Even if you think Bush and Blair are wrong, Saddam is the provocateur here and clearly the one most in the wrong, and yet NO signs and NO speeches are directed towards him. Instead, we see multiple posters and banners comparing Bush & Rumsfeld to Hitler, and calling Blair a lap dog. Clearly, something is seriously wrong with this picture. When the leaders of democratic governments are being called Nazis, but there is virtually no criticism of the real mass-murderer, you really have to look at what the hell it is that you are doing. On top of all of that, Saddam is (rightly) looking at these marches as vindication of what he is doing. After all, none of the protesters seem to have much of a problem with him, at least as evidenced by their signs and speeches. So in addition to being fundamentally flawed from a philosophical and rhetorical standpoint, the marches are bolstering the resolve and self-esteem of a brutal tyrant. Great work, guys!

  8. Peace in Middle Earth in our time
    MINAS TIRITH (Gondor News Network) – Thousands of peace activists took to the streets of Minas Tirith and other cities of Middle Earth today to protest what they termed a rush to war with Mordor.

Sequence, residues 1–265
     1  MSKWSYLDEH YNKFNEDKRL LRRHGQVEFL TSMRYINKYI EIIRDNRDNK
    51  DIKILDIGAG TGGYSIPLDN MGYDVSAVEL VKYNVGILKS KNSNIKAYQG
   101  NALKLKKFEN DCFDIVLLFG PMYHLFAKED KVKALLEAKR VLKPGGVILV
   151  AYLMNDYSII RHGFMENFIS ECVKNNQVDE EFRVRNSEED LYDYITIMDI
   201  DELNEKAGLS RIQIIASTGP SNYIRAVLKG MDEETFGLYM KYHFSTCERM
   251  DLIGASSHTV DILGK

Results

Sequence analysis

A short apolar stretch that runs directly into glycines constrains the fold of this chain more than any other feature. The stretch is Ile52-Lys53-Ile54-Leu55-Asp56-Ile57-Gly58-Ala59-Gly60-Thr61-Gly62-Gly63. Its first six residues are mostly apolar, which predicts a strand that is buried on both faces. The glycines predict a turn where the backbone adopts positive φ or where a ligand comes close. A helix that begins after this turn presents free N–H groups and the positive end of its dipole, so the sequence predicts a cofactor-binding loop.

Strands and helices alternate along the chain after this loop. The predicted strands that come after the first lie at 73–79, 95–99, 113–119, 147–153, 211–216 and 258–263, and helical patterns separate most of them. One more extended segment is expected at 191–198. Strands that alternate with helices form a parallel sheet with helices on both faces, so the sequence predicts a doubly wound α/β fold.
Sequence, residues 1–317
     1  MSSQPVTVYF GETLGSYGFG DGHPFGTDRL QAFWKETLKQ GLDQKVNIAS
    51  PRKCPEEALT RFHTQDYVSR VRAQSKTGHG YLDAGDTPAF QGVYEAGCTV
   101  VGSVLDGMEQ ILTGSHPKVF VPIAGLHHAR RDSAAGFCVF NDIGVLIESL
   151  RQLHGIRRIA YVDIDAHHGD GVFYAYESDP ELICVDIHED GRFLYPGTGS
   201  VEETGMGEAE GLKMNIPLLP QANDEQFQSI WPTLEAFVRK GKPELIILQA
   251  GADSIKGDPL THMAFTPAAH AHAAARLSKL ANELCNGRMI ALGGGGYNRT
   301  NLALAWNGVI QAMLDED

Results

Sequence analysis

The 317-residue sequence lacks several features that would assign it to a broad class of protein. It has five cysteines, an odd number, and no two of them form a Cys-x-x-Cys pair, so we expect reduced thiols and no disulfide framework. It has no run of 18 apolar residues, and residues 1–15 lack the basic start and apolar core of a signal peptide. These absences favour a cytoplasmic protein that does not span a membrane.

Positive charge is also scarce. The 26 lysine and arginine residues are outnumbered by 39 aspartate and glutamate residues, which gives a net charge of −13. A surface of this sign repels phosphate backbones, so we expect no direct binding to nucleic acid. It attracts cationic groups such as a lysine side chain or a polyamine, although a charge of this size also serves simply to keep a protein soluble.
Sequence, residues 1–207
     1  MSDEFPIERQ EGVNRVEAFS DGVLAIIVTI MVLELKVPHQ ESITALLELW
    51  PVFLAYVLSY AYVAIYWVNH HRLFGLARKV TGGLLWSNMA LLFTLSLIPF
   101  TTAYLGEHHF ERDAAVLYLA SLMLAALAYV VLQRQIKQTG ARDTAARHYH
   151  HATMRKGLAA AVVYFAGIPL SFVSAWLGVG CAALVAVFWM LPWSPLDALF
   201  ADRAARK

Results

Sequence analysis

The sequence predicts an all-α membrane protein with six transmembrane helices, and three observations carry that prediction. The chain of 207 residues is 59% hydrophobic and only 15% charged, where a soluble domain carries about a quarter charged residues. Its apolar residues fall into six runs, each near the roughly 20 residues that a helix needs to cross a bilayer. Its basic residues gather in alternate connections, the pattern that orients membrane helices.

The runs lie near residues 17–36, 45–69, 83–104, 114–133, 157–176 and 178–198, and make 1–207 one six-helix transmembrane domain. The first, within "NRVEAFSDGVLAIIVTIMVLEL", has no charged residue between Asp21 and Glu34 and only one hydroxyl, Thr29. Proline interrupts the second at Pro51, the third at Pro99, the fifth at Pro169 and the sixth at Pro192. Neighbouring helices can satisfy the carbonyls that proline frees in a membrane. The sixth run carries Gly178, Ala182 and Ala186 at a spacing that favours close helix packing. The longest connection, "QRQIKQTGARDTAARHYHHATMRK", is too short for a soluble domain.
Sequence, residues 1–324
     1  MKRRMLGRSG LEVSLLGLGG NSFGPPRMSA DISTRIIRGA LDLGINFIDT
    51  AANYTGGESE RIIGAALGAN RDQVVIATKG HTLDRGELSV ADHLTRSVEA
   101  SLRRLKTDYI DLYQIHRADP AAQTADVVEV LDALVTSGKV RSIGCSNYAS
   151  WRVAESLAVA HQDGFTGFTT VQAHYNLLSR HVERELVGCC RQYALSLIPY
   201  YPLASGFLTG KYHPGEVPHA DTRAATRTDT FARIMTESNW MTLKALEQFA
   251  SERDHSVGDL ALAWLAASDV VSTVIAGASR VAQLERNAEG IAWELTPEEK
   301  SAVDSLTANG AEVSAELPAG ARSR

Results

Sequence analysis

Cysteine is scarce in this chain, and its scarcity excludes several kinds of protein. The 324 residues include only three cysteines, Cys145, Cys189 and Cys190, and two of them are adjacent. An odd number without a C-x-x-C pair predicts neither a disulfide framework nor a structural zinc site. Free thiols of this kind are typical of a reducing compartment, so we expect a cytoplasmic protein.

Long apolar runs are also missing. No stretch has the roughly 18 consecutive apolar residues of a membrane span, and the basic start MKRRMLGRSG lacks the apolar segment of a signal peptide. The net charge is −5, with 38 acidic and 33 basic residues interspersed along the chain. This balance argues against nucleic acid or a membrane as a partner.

9. “Mr. Nobody” –
    That fact that a left-wing academic, Iraqi dissident or not, would oppose the war is not exactly headline material. He no doubt also believes that Islam is a “religion of peace.”

  10. Wil, read your advise to your 12 year old self and apply it to your feelings about the book. For every person who loudly screams that they hate it, there will be another who quietly likes it. It will balance out.

  11. americans… blah.
    I’m reading some of the stuff Wil wrote and some of the comments on those nonsenses, and well, all my daubts and thoughts about americans were in place and right.
    Wil is nothing more than a guy that, as a kid, happened to taste what is it like to live a rich life and be popular, and now, without the money, all he’s got is low IQ americans “supporting” him. I started to wonder why the hell would someone read all the nonsense he writes and even post comments on that, but it came to my mind: “americans”. Another guy that needs to realize the facts and live a normal, off-line life like everyone else does.